This new fundamental characteristic “wasn’t considered in previous calculations,” says Khodadad Kashi. “Our newly developed model can predict the quantum interference and we can measure this effect in an experiment.”
Intriguingly, the team’s work reveals a contributing role for the multiphoton components in imperfect parametric single-photon sources, which are widely deployed. “For quantum networks, there was a firm common belief among researchers in terms of considering a mere degradative role for the multiphoton components,” says Kues. “But our experimental discovery accompanied with our novel theoretical model proves otherwise—and it has potential implications for the security of communications in MDI-QKD.”
Before arriving at their final conclusions and discovery, the team faced challenges interpreting their experimental results. “When we applied the common method for retrieving the HOM visibility, we got a physically impossible result,” says Khodadad Kashi. “It motivated us to look into this in more detail. With a new model, we were able to explain the experimental results—demonstrating that multiphoton components engage positively in the visibility.”
Their a-ha! moment really hit when they were able to explain the observed phenomena by a theoretical model they derived—it clearly explains the source of additional contribution to the visibility (it comes from the interference of the thermal parts of the fields). “At this point, we knew we’d come to a nontrivial discovery within the field,” she adds.
One current challenge within the quantum research realm “is the application of imperfect single-photon sources such as a heralded state from a spontaneous parametric down-conversion process,” says Kues. “Such an approximation of single-photon states is unavoidably accompanied by multiphoton contaminations, which can cause security gaps as quantum interference of different states of light is considered. In our work, we gave prominence to the role that multiphoton components can play in improving HOM visibility. This aspect needs to be considered when interpreting HOM visibility as a measure for secure communications.”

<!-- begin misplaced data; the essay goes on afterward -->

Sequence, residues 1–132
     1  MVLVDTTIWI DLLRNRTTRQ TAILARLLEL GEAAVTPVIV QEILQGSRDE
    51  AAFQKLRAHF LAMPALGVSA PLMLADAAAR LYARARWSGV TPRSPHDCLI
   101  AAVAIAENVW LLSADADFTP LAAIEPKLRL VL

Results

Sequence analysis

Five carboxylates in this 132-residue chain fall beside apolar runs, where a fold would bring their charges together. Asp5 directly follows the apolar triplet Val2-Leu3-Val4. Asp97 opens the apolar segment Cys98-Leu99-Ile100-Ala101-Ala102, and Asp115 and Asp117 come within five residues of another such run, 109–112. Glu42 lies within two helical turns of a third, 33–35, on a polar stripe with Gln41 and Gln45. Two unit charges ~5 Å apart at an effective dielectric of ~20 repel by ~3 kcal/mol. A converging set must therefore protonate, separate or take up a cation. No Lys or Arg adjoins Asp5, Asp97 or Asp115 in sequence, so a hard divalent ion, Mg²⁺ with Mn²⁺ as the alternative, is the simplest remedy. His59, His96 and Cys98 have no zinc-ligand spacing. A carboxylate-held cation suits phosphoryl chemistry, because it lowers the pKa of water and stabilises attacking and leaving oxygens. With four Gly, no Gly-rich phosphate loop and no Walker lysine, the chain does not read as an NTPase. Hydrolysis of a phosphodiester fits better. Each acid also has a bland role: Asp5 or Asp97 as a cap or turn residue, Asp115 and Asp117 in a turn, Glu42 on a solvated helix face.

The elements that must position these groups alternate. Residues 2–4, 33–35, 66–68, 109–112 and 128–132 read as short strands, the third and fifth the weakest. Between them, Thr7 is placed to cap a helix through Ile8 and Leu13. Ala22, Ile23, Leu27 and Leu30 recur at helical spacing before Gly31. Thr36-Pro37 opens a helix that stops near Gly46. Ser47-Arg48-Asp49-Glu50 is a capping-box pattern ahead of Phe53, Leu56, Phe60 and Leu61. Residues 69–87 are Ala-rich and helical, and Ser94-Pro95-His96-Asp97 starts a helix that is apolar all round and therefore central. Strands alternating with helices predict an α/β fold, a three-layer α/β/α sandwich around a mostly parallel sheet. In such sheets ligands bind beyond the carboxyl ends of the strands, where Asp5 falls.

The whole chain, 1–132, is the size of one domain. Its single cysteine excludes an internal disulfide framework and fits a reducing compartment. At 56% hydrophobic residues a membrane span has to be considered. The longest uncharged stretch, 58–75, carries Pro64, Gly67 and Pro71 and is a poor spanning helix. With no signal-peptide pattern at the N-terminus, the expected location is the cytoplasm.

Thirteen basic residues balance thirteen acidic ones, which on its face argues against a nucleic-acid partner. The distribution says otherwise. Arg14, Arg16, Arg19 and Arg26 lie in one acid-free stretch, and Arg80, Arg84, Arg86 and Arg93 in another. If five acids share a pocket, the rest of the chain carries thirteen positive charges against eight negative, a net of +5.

Quantum researcher Lucia Caspani at the University of Strathclyde was the first to test out the team’s new approach—and it helps provide a better understanding of quantum phenomena.
The most likely application of the team’s work is MDI-QKD, where the security of key establishment between legitimate end users relies on precise interpretation of the HOM effect and sources that contribute to HOM visibility. “Enabling highly secure QKD brings us one step closer to a future vision for the era of the quantum internet,” says Khodadad Kashi.
What’s next? “To study this effect in higher-order quantum interference systems,” says Kues.
A. Khodadad Kashi, L. Caspani, and M. Kues, Phys. Rev. Lett., 131, 233601 (Dec. 4, 2023); doi:10.1103/physrevlett.131.233601.